Inscriptions from Monks Pond


   
Bird singing
ringing yellow
   green

My friend made green
         ring
- his painting –

   grass
the sweet bird
flew in

    —Lorine Niedecker, Monks Pond I, Spring 1968 



epiphanies pull up
from roots--

    —Jonathan Williams, Monks Pond I



We climbed to a graveyard
High on the wet rock
There bodies sleep in crevices
Covered with light earth then stones

    —Thomas Merton, Monks Pond I


in the centre of the earth, a puma, nibbling the moon –
from full to crescent

and letting it grow again

    and a giant wariwillka – sunanimal – stamping,
    shaking

    —Paul C. Metcalf, Monks Pond I


Once a monk asked Pai-chang, “Who is the Buddha?” the master asked him in turn, “Who are you?” It is only by being yourself that you can move freely in and out of the world without contradictions and obstacles.

    —John C.H. Wu, Monks Pond I


The removal of the self in reality means the annihilation of those experiences which bar the revealing of the real self. Sufis call the experience of removal of “I” fana, which ends in a state of ecstasy, the feeling of union; it is the beginning of baqa, the state of conscience existence.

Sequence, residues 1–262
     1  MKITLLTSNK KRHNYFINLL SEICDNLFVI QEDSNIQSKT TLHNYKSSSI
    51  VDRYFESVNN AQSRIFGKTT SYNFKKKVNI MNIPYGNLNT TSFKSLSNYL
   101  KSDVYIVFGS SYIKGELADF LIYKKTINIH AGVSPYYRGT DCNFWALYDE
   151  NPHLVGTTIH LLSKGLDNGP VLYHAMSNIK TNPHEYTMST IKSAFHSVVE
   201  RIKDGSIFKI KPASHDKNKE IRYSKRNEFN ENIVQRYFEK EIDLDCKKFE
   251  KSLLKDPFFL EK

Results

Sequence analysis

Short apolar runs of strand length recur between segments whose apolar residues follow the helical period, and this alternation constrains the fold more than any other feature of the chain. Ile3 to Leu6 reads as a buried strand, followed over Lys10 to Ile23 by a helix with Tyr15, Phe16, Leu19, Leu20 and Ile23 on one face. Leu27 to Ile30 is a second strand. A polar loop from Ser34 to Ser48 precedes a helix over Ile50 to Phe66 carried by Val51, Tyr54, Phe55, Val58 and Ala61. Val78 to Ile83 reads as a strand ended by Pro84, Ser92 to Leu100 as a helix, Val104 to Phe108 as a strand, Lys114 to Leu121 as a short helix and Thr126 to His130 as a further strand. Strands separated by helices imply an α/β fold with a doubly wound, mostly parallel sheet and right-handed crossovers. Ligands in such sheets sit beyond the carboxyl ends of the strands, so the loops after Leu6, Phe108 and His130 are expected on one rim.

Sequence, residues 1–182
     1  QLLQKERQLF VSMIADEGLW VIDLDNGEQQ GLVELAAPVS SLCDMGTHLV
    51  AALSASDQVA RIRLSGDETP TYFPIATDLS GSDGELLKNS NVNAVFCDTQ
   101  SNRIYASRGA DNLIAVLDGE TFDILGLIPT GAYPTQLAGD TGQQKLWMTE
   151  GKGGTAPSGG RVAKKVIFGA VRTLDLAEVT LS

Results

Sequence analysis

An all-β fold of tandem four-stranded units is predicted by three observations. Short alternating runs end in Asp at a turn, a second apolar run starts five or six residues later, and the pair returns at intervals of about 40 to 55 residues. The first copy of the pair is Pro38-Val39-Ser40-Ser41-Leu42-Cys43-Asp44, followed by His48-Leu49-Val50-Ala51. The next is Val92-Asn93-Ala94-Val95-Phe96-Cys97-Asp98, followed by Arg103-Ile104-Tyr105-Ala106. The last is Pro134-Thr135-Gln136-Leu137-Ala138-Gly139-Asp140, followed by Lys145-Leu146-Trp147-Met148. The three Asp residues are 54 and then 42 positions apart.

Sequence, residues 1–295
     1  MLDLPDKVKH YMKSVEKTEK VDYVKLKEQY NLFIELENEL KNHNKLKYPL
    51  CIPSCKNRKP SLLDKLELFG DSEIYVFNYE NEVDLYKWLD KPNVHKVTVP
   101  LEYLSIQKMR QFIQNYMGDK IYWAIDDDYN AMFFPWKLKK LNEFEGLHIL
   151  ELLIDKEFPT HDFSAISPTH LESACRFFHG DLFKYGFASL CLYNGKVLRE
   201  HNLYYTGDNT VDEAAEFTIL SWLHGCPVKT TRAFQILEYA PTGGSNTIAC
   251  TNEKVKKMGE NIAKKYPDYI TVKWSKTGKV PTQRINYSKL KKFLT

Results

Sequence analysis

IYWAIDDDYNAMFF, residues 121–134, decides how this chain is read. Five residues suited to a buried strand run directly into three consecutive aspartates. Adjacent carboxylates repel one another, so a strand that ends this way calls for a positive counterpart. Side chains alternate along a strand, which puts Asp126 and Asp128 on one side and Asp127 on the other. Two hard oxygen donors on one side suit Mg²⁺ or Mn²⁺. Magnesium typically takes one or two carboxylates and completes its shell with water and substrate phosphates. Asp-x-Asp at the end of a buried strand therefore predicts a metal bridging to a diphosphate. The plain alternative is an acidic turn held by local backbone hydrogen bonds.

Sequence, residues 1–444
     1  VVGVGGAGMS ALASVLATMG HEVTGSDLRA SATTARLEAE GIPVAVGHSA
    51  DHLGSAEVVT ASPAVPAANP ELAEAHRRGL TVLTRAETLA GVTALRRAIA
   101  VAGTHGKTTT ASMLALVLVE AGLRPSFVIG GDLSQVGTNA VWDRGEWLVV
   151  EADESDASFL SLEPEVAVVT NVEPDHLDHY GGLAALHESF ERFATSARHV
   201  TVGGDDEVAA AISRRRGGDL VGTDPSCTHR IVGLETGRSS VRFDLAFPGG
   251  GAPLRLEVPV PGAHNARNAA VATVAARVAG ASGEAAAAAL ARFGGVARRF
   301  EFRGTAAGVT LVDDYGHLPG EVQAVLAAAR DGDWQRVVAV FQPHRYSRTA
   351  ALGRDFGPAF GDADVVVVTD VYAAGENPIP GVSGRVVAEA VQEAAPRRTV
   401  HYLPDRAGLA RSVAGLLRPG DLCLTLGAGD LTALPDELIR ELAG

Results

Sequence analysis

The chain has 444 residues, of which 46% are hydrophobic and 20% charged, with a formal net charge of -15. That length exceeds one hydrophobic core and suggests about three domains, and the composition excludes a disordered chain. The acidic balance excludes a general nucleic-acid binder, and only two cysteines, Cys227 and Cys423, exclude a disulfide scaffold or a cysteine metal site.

—Reza Aresteh, Monks Pond II, Summer 1968


Now, leaving my perplexity and haste,
I come within the boundaries of your life, an interior
clear and calm. You could not admit me burdened.
I approach you clean as a child of all that has been with me.
You speak to me in the dark tongue of my joy
that you do not know. In you I know
the deep leisure of the filling moon. May I live long.

    —Wendell Berry, Monks Pond II


A secret seed
Has sprouted.
The rot it bears to the world
Is holy.

    —Charles Simic, Monks Pond III, Fall 1968


Out of the dark, they say, and cold,
The sun is born. Will I too die to wake?
Will you remember who I am and warm
My nakedness? O river of the sun,
Come down, unprison me, let me be born.

    —Claire Livingston, Monks Pond IV, Winter 1968

 


* All of the above quotes are from various issues of Monks Pond, originally published by Thomas Merton, and reissued as one collection by the University Press of Kentucky in 1989 as Monks Pond: Thomas Merton's Little Magazine


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